In a lifetime of working with electronics we see a lot of technologies arrive, become mighty, then disappear as though they had never been. The germanium transistor for instance, thermionic valves (“tubes”), helical-scan video tape, or the CRT display. Along the way we pick up a trove of general knowledge and special skills associated with working on the devices, which become redundant once the world has moved on, and are suitable only reminiscing about times gone by.
When I think about my now-redundant special skills, there is one that comes to the fore through both the complexity and skill required, and its complete irrelevance today. I’m talking about convergence of the delta-gun shadow mask colour CRTs that were the height of television technology until the 1970s, and which were still readily available for tinkering purposes by a teenager in the 1980s.
A shadow mask colour CRT has three electron guns, one for red, one for green, and one for blue. There is a grid of red, green, and blue phosphor dots on its screen, with a metal plate full of holes – the mask – aligned just behind it such that each colour phosphor can only be seen by its corresponding electron gun. As the three electron beams are traced in a raster across the screen, their relative intensities can synthesise any visible colour for your eye.
The problem facing the designer of a shadow-mask CRT is that of aligning electron guns, mask, and phosphor dots so that the alignment is perfect at all points on a screen which is not equidistant from the guns at all points. If you supply a poorly aligned CRT with a picture that is entirely white it would deliver a picture mostly white but with spots of colour, and when a TV picture is shown then it would feature magenta, cyan, and yellow shadows around its subjects.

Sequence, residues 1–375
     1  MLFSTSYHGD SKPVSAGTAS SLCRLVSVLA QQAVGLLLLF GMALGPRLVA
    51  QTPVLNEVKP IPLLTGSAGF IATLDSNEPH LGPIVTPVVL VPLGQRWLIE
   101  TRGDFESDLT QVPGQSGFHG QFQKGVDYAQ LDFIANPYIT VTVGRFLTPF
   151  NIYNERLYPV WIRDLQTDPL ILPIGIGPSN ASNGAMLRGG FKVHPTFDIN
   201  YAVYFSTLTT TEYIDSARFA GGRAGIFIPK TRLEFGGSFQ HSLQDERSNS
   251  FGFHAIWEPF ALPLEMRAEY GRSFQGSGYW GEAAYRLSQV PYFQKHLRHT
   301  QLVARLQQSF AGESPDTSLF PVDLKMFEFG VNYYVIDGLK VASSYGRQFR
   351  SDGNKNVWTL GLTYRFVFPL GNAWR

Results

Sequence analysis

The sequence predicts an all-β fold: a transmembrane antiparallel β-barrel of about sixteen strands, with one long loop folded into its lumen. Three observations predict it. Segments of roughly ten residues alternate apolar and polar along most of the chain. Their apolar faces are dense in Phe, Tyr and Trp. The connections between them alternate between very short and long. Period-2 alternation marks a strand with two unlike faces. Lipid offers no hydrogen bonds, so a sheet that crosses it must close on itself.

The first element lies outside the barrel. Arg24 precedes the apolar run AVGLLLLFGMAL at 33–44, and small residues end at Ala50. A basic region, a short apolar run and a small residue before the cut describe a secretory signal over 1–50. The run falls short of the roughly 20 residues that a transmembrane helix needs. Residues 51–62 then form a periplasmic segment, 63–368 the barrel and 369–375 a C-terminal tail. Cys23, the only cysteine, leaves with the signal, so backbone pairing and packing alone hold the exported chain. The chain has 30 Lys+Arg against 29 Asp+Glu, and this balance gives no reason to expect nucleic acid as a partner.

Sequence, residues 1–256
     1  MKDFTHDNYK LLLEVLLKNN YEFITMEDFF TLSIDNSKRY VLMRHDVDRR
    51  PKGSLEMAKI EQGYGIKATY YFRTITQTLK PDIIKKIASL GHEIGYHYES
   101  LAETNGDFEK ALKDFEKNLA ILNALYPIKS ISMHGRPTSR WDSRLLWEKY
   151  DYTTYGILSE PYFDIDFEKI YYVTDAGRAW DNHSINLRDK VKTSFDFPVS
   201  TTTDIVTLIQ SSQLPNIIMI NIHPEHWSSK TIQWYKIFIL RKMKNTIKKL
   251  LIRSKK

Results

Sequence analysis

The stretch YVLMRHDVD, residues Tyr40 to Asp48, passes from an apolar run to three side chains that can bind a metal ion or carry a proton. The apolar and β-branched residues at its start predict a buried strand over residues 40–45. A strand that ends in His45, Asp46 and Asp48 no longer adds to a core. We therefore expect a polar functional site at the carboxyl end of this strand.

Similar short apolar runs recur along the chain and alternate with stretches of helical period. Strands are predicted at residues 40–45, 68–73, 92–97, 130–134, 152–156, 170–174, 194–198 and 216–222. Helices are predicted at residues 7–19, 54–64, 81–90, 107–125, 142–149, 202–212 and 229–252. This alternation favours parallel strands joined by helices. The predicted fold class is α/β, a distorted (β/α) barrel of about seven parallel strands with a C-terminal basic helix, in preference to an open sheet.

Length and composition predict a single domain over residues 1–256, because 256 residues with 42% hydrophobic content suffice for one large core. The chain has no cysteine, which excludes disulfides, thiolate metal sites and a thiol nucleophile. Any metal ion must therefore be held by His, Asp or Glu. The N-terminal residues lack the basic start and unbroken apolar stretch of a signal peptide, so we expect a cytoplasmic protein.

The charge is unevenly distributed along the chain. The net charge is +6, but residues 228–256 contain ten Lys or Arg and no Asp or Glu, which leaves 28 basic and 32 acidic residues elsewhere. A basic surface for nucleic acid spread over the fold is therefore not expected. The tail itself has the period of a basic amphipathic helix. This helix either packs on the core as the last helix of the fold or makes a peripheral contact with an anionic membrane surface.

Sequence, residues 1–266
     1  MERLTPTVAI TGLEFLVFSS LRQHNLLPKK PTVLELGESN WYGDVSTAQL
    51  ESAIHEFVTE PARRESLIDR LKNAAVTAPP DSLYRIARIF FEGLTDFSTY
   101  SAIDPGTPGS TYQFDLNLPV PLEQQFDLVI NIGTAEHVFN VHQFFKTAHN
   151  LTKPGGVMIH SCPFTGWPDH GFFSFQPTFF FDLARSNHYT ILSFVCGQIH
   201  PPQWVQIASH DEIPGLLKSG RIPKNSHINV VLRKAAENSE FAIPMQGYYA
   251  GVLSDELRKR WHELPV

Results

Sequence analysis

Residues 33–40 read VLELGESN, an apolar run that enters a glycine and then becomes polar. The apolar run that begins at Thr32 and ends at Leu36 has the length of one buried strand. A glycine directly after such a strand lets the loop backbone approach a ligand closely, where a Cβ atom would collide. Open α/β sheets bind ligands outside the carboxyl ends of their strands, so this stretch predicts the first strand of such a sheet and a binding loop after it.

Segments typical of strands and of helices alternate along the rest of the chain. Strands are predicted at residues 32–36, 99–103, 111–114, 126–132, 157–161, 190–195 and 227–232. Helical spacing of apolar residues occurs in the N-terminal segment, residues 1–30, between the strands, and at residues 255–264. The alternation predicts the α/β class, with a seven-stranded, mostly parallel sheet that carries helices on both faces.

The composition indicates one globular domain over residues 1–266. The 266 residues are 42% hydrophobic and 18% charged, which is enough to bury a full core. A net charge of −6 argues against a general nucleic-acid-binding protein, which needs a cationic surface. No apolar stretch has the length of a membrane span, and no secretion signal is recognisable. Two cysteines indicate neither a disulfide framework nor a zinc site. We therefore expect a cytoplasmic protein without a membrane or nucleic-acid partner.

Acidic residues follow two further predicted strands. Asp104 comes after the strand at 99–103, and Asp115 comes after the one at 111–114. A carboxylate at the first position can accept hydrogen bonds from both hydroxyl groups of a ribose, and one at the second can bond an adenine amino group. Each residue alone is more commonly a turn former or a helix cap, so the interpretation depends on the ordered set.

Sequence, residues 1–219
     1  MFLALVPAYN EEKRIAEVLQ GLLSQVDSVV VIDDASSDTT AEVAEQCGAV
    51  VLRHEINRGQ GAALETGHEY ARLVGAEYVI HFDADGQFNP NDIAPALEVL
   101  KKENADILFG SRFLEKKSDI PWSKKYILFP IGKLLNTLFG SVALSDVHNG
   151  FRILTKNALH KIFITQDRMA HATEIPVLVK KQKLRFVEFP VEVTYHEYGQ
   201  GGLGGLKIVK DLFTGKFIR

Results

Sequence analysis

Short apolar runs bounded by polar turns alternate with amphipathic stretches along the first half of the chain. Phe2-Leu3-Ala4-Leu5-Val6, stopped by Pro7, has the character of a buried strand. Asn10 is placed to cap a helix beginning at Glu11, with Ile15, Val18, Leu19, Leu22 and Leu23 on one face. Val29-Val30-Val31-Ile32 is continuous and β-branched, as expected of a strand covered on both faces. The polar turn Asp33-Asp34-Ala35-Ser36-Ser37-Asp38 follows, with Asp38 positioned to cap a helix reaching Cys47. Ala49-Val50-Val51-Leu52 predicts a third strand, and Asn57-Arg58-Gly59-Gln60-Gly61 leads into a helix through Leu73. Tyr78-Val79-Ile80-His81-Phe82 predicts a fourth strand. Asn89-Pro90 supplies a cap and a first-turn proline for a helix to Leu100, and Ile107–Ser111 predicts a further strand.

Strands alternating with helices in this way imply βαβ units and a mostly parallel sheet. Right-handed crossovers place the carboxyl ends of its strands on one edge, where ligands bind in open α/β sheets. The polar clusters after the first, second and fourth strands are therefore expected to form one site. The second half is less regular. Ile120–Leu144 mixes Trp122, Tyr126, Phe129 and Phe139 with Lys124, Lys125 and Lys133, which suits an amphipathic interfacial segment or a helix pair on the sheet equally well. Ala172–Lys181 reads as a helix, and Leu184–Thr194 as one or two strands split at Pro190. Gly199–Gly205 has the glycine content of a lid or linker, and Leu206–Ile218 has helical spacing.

Shadow mask CRTs developed from the mid-1960s onwards solved this problem mechanically, by clever shadow mask designs, different phosphor dot patterns, and careful alignment of all the components with the three electron guns in a line across the neck of the tube. Earlier tubes had their electron guns mounted in a triangular delta in the neck of the tube, and relied on complex arrangements of electronics, magnets, and electromagnets to actively correct the misalignment as the beams traversed the screen. It is the skill of making these adjustments that is the subject of this piece.
Broadcast colour TV has its roots in the years following the Second World War, with the first commercial sets both being American 525-line NTSC, the Westinghouse H840CK15 and RCA CT-100 from early 1954. (I should be using Noah Webster’s spelling color in those cases.) Earlier sets had round CRTs, but by the time we Brits got our 625-line PAL colour TV in the late 1960s the world had moved on to the curved-edge rectangular screens you will probably be familiar with.
To illustrate this piece I pulled out my last remaining delta-gun TV from storage. It’s an ITT CVC5 that came into my hands some time in the 1990s, it was made in 1972 and I hung on to it because I guessed it would be the last delta-gun that would come my way. It’s been in the wars – I should have held on to one of the many far nicer examples I ripped apart in the ’80s – but I got it working at the time with some repairs to a cracked PCB and replacement of a blown rectifier. Sadly it has now lost its field oscillator, so there’s a repair job for a future idle time.